On January 28, 2019, Justice Ash of the Kings County Commercial Division issued a decision in A.J. Richard & Sons, Inc. v. Forest City Ratner Cos., LLC, 2019 NY Slip Op. 30215(U),holding that a letter of intent was a binding agreement to negotiate and consummate a sale transaction, explaining:
In determining whether the parties intended to enter into a binding contract, an objective test is generally to be applied, which means that the manifestation of a party’s intention rather than the actual or real intention is ordinarily controlling. The manifestation of a party’s intention to be bound by an agreement is evidenced by its language and terms. On a motion for summary judgment, the construction of an unambiguous contract is a question of law for the court, and the intention of the parties is to be gathered from the language and terms of the instrument itself.
Here, the language and terms of the LOI manifest the parties’ intention to be bound by the LOI. The LOI set forth all of the material terms of the agreed-upon transaction, including the parties, purchase price, location, and size of the Replacement Property; mortgage arrangements; Go Dark Payments; assumption of costs; and terms of delivery. The LOI further included detailed specifications with respect to the Replacement Property, including parking spaces, loading dock requirements, and a preliminary floor plan which could only be changed upon the reasonable approval” of A.J. Richard. In addition, the LOI provided that Forest City will deliver the Replacement Property to [A.J.] Richard substantially complete in ‘vanilla box’ condition,” which is defined therein as meaning that Forest City shall provide,” among other things, specified electrical system capacity, and meet certain air conditioning system requirements, accessibility requirements, and requirements for plumbing, sprinklers, and modes of ingress and egress.
Forest City asserts that the LOI requires the parties to negotiate the specific terms and conditions of the sale of the property be set forth in a purchase and sale agreement and a development agreement, i.e., the Implementing Documents, and that the LOI also calls for the preparation of a condominium offering plan, declaration and condominium bylaws. Forest City argues that this renders the LOI a non-binding agreement to agree and unenforceable as a contract.
Forest City’s argument is rejected. A contract does not necessarily lack all effect merely because it expresses the idea that something is left to future agreement. Where an agreement contains all of the essential terms of the contract, the fact that the parties intended to negotiate a fuller agreement does not negate its legal effect. Thus, an agreement is not rendered ineffective simply because certain non-material terms are left for future negotiation or because the agreement states that the parties will execute a furthermore formal agreement. Where the parties have manifested an intention to make a binding agreement, the mere fact of open terms will not permit them to disavow it.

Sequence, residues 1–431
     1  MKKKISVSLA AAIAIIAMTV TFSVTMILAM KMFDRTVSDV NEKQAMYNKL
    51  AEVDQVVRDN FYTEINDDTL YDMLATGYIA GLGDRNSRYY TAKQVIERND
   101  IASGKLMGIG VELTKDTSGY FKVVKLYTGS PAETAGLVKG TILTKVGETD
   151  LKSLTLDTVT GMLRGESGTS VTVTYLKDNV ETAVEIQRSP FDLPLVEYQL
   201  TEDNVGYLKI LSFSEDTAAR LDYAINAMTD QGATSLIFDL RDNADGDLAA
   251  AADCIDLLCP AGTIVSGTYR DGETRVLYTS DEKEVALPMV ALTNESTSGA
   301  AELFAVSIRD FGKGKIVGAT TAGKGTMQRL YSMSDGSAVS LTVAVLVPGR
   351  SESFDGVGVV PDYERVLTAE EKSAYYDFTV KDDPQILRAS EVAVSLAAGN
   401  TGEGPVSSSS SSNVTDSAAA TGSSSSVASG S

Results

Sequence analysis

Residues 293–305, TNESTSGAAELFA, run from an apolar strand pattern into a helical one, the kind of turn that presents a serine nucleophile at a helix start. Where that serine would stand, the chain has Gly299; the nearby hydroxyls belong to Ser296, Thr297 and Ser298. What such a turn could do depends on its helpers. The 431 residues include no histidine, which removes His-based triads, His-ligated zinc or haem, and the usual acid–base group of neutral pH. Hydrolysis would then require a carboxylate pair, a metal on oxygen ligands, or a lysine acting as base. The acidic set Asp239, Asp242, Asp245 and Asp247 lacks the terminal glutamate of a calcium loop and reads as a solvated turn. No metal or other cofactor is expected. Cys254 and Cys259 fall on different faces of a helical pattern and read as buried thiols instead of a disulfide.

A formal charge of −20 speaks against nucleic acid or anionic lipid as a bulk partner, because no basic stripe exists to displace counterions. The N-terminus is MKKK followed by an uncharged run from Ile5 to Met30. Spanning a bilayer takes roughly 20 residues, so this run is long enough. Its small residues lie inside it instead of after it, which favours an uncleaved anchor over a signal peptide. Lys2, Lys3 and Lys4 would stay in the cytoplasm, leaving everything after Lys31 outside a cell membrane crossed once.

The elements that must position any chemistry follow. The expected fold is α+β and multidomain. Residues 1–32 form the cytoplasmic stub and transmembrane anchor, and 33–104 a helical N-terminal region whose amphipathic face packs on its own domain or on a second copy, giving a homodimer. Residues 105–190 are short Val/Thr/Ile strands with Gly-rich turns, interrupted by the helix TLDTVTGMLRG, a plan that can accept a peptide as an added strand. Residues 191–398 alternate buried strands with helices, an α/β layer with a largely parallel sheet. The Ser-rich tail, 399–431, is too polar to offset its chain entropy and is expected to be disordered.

While it is true that if an agreement leaves open terms of too fundamental importance, it may be incapable of sustaining binding legal obligation, here, the matters to be negotiated are non-essential terms that concern fine details, which may still be decided by the parties without effecting the viability of the contract. Such terms are by no means incompatible with the intention to be bound.
With respect to the fact that the LOI requires Forest City to prepare and deliver Implementing Documents (i.e., the purchase agreement and the development agreement), this does not render the LOI unenforceable. The LOI contains all of the essential terms of a binding contract, and does not contain an express reservation by either party of the right not to be bound until a more formal agreement is signed. The fact that there would be a preparation of a condominium offering plan, declaration and condominium bylaws before A.J. Richard could take possession of the Replacement Property also does not affect the binding nature of the LOI.
. . .
Forest City asserts that the LOI did not state that the parties intended to be legally bound. However, there is no requirement in a contract that it state that the parties are bound by it. Rather, it is the fact that the language of the agreement evinces a binding contract which determines that the parties are bound.
(Internal quotations and citations omitted).
In New York, a contract must contain the material terms of the agreement to be binding. As this decision shows, there sometimes are disputes over whether all the material terms of the contract are embodied in the agreement being sued upon. Contact Schlam Stone & Dolan partner John Lundin at email@example.com if you or a client face a situation where you are unsure how to enforce rights you believe you have under a contract.
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